VULNERABLE Internet of Things or IoT devices are one of the known entry points for malware and spyware. Sometimes infiltrating networks and systems, other times using the device itself to listen through the microphone or see what the camera is seeing.
Ever since the proliferation of Mirai, attacks that use exploits swarmed unprotected—mostly China-made CCTV cameras gaining access to their image processors—became commonplace.
Honeypots, networks of virtual copies of various Internet connected devices and applications over the Web are decoy devices are used to attract the attention of cybercriminals so that security experts like Kaspersky can analyze their activities.
Kaspersky’s Honeypot detected 105 million attacks on IoT devices coming from 276,000 unique IP addresses in the first half of 2019, nine times more than the same time last year 2018, when only around 12 million attacks were spotted originating from 69,000 IP addresses.
Network-connected and interactive, or “smart” devices, such as routers or DVR security cameras are becoming widespread, yet security is not top priority for many, thus giving cybercriminals opportunity to tap the vast financial opportunities in exploiting such gadgets.
They use networks of infected smart devices to conduct DDoS attacks or as a proxy for other types of malicious actions.
Based on data analysis collected from these honeypots, it was discovered that attacks on IoT devices are usually not sophisticated, but more stealth-like, as users might not even notice their devices are being exploited. Mirai, the malware family behind 39 percent of attacks is capable of using exploits, meaning that these botnets can slip through old, unpatched vulnerabilities to the device and control it.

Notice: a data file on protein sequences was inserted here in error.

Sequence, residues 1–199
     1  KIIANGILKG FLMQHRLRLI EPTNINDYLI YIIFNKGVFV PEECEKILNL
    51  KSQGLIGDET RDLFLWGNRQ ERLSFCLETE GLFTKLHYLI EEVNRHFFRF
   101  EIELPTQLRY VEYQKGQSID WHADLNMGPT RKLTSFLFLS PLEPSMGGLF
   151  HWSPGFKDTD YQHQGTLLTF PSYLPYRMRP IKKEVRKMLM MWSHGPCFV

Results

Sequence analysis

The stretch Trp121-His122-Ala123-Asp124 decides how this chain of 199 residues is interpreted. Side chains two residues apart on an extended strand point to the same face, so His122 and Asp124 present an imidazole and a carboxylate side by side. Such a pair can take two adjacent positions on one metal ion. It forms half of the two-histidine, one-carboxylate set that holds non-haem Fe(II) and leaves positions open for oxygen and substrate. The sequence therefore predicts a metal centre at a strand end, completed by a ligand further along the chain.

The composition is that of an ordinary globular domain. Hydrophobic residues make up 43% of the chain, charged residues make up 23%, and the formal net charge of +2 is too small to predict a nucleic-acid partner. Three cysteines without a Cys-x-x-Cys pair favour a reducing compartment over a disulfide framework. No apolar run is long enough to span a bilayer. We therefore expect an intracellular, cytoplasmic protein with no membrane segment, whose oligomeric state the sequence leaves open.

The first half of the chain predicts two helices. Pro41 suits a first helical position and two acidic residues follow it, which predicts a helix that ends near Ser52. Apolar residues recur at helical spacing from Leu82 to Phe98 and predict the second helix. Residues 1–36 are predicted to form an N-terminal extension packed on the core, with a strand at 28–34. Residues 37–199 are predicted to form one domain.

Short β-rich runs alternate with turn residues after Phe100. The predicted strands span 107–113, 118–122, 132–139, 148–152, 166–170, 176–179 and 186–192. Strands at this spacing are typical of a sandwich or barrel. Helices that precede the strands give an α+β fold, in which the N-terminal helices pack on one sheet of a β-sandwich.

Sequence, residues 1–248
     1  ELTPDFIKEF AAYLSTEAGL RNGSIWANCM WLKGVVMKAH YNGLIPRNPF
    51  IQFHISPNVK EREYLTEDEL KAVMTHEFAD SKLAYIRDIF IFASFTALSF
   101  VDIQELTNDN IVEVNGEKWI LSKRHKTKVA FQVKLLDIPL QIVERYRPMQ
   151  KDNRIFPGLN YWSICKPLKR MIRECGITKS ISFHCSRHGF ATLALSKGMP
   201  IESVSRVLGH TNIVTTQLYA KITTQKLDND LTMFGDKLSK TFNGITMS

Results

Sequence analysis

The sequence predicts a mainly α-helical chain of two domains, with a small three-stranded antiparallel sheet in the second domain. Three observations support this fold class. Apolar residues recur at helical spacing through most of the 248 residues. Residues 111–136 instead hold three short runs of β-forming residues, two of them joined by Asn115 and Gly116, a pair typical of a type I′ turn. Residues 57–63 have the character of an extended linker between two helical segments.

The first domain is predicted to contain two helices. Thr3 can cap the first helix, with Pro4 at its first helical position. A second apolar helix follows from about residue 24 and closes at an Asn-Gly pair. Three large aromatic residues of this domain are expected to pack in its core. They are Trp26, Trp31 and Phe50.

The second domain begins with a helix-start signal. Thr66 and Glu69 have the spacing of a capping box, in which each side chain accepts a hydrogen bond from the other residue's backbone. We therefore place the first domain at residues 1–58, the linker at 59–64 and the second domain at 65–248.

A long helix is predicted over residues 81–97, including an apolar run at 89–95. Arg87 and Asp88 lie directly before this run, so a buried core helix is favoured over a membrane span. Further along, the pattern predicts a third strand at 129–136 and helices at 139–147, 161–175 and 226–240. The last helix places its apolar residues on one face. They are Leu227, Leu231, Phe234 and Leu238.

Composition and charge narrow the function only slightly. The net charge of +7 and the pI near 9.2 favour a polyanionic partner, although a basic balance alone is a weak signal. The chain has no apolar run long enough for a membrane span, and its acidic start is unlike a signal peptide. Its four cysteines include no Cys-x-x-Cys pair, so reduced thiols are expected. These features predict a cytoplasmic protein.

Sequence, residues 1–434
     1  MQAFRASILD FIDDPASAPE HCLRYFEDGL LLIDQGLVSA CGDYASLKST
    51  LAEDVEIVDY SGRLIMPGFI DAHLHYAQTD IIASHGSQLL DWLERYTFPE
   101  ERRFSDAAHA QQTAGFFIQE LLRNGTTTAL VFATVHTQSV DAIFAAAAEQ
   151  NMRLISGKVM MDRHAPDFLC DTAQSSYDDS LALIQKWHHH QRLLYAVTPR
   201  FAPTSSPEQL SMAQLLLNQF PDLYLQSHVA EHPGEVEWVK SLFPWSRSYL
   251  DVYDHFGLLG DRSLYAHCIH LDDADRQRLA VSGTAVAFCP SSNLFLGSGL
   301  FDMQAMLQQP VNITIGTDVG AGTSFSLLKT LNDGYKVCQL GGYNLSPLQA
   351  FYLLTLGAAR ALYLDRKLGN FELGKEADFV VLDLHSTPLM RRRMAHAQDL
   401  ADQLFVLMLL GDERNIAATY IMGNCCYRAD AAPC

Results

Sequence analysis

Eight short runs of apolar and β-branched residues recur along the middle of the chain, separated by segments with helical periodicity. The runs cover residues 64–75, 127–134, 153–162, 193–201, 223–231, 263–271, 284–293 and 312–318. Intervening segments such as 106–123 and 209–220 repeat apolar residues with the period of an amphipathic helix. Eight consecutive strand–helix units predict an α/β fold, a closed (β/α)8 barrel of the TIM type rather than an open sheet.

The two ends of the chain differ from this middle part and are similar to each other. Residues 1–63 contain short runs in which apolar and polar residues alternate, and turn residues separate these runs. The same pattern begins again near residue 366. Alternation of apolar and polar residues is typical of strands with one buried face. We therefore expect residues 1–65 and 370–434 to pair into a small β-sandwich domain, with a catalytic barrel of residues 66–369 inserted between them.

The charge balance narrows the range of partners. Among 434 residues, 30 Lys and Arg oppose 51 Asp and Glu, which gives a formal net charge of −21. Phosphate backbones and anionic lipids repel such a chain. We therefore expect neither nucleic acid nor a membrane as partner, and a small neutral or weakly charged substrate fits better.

Nyadrop, a relatively newer but less prevalent exploit was detected in 38.57 percent of attacks and often serves as a Mirai downloader.
Gafgyt comes in third with 2.12 percent presence. Both exploits use password brute-forcing attacks.
Researchers were also able to identify the locations where most infections were discovered to have originated during the first six months of 2019. China is number one with 30 percent of all attacks followed by Brazil with 19 percent, then Egypt with 12 percent. In the same period last year, Brazil topped the list with 28 percent, China with 14 percent and Japan with 11 percent.
The ways to protect devices against these attacks are simple and readily available, and is applicable for both for individuals and enterprises. First, is to check for, download and install updates for the device firmware as soon as possible. Vulnerabilities are fixed through patches within updates.
It is always highly recommended to change preinstalled passwords. Using complicated passwords that include both capital and lowercase letters, numbers and symbols gets high levels of protection. Third, reboot a device that’s acting strangely. It might help get rid of existing malware but won’t guarantee another attack thus fourth recommendation is to keep access to IoT devices restricted by a local VPN. This allows access them from the home or main network, instead of publicly exposing these over the Internet.